By Peter Caddick-Adams
Protesters in Budapest this week seized a World War II-era tank that had been part of an open-air display and drove it 100m down the road. Is it just a matter of switch on and go?
All aboard in Budapest
A tank clattered across the cobbles of Budapest this week in a bizarre throwback to the 1956 Hungarian Uprising. Anti-government protesters hijacked a Soviet-era tank - removed from a museum display - and drove it around before being arrested.
It made me wonder how easy these metal monsters are to drive. You can't just walk up to one, turn an ignition key, and off you go - or can you?
Several surplus tanks now lurk in fields dotted around the Home Counties where those in search of a day's corporate bonding can give them a whirl. Most are ex-British Army Chieftains, but some are T-34s, the type "borrowed" from the exhibition in Budapest.
Whereas most tanks have a separate crew hatch for the driver, the T-34 requires me to climb over the wheels and tracks and haul myself up onto the turret top to access the driver's controls. These tanks are quite tall and the 2.7m tests my muscles - most crewmen were 18-year old agile striplings.
Slithering inside the turret, I'm thankful of the crewman's padded helmet, as there are lots of sharp switches, radio sets, ammunition racks and the gun on which to injure myself. Once in the driver's seat, I'm cramped, uncomfortable and this part of the tank reeks of oil. Fortunately, I can see my route ahead through the little driver's hatch (in combat I would be locked in, relying on a periscope - no place for a claustrophobe).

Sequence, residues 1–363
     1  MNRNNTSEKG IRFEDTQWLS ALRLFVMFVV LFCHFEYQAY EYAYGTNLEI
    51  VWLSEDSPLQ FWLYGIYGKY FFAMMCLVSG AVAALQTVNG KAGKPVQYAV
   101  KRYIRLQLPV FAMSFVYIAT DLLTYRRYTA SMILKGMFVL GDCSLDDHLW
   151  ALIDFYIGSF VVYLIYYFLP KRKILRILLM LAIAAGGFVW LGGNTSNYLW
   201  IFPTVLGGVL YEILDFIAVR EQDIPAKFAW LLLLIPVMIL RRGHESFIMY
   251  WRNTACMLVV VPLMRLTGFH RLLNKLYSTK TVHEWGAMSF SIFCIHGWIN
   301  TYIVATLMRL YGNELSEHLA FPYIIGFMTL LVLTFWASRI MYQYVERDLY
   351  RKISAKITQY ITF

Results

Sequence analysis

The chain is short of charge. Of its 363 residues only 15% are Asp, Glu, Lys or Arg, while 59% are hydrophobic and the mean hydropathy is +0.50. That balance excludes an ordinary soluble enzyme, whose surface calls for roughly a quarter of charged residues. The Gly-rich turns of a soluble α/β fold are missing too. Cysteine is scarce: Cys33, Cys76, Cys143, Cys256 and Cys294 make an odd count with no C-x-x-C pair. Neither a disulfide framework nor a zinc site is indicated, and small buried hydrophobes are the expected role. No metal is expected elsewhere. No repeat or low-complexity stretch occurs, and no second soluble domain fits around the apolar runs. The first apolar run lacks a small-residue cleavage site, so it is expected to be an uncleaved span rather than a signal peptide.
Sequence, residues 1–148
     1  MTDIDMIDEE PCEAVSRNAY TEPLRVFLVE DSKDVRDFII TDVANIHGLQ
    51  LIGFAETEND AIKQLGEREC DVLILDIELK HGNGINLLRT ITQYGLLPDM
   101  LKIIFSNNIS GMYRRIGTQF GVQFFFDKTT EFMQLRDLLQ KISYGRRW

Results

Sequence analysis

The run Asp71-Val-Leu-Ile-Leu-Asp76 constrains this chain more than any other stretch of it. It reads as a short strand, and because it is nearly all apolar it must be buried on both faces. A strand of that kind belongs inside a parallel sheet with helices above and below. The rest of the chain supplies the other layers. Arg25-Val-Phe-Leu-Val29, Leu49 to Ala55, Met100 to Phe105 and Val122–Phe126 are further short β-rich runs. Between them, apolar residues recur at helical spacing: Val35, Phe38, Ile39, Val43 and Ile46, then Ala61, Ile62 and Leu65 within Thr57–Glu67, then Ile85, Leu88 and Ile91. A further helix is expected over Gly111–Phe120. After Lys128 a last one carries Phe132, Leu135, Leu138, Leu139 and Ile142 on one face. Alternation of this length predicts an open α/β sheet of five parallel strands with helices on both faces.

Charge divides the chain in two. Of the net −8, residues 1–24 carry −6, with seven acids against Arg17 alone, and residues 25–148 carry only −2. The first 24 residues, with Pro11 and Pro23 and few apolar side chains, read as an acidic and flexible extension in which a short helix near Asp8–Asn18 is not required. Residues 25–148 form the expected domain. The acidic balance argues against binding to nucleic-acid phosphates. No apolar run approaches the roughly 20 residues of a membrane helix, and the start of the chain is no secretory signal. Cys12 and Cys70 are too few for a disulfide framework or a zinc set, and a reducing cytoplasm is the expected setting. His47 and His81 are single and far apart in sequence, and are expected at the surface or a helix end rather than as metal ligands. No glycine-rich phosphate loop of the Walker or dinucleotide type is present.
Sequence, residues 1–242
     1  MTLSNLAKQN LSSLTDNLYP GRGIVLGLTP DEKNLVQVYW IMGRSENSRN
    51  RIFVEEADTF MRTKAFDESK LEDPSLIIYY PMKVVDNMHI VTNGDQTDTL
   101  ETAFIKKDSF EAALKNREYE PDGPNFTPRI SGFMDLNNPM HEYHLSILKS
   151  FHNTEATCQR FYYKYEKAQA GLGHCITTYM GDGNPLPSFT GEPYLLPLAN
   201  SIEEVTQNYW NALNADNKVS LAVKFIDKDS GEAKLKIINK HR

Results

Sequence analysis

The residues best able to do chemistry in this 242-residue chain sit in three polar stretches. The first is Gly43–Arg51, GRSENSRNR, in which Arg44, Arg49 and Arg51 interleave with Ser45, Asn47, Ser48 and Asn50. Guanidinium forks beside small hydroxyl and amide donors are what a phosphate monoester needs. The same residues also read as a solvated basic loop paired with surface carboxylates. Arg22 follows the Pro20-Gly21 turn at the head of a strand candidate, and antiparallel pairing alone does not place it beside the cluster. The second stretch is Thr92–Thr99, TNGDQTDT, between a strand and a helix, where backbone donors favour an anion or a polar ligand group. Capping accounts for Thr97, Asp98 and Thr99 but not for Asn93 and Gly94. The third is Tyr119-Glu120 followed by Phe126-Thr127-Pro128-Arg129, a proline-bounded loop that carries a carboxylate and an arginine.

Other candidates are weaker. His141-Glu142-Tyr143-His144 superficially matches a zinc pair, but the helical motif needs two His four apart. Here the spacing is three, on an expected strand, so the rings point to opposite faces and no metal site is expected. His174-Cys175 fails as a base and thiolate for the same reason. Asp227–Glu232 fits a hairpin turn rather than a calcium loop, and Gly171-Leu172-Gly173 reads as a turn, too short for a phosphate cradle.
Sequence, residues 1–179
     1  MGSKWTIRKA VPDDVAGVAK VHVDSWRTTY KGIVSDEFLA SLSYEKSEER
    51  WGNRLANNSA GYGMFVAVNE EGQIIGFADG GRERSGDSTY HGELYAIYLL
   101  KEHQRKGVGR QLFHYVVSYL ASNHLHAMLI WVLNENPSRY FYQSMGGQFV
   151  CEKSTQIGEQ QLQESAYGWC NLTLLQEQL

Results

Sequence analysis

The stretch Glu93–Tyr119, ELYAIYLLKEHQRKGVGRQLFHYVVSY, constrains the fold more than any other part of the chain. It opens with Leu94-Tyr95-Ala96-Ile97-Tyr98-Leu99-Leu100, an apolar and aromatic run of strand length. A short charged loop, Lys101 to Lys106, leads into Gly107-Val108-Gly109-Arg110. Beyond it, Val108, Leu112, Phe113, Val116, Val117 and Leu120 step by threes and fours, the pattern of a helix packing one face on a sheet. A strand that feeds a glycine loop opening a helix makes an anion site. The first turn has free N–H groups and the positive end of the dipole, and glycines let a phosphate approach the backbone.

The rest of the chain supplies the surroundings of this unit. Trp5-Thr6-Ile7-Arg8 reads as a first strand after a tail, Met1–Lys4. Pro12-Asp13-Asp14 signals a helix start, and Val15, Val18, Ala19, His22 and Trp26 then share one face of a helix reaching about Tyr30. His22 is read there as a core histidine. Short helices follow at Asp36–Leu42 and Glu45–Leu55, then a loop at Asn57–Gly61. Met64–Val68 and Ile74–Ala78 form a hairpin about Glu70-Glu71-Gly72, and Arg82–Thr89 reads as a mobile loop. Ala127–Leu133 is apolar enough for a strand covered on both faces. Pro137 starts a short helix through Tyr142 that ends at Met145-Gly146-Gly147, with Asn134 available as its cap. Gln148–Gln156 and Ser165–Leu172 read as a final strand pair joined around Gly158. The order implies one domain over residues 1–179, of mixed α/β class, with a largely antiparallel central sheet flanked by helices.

It's very loud and I catch pungent lungfuls of its generous exhaust fumes
As everything is manually operated, the clutch pedal is surprisingly light. I press the start button and feel the foot pedal vibrate as the 500 horsepower engine kick in. I lean forward uncomfortably with my right hand to reach the gear stick (five forward, one reverse) and rev the engine almost to screaming pitch before selecting the gears, then the 32 tons of metal monster lurches forward. I hit my head.
There are two steering sticks, a right and a left, to which the T-34 responds sluggishly. A sharp pull back on the left one and the left brake engages, slewing the beast in that direction. It's surprisingly manoeuvrable, but very loud and I catch pungent lungfuls of its generous exhaust fumes as I pirouette the monster about.
Navigation is a problem - I can't see behind or to the sides, that's why there's a commander in the turret telling me where to go over his intercom.
So, besides the 85mm gun and armour plating, it's more like my car than I expected, but would a real hazard to manoeuvre in traffic.
The 1956 uprising in Hungary
But I don't know how so many young soldiers managed to cope in such an environment. Being cheap and mass-produced, T-34s were decidedly chilly in winter and stiflingly hot in summer; if the main gun was fired, the tank would lurch with the recoil, then the inside filled up with fumes as the gun breach was opened on reloading.
Anyone could drive a basic tank, especially the T-34, though tank novices may find it stalls easily. No surprise then that tanks have often been hijacked by civilians in uprisings, whether Paris in 1944, Budapest in 1956 or Prague in 1968.
But in 2006, shouting "fill her up" to the service station attendant would lighten your pocket instantly: a T-34 takes 545 litres of diesel and uses two litres for every kilometre.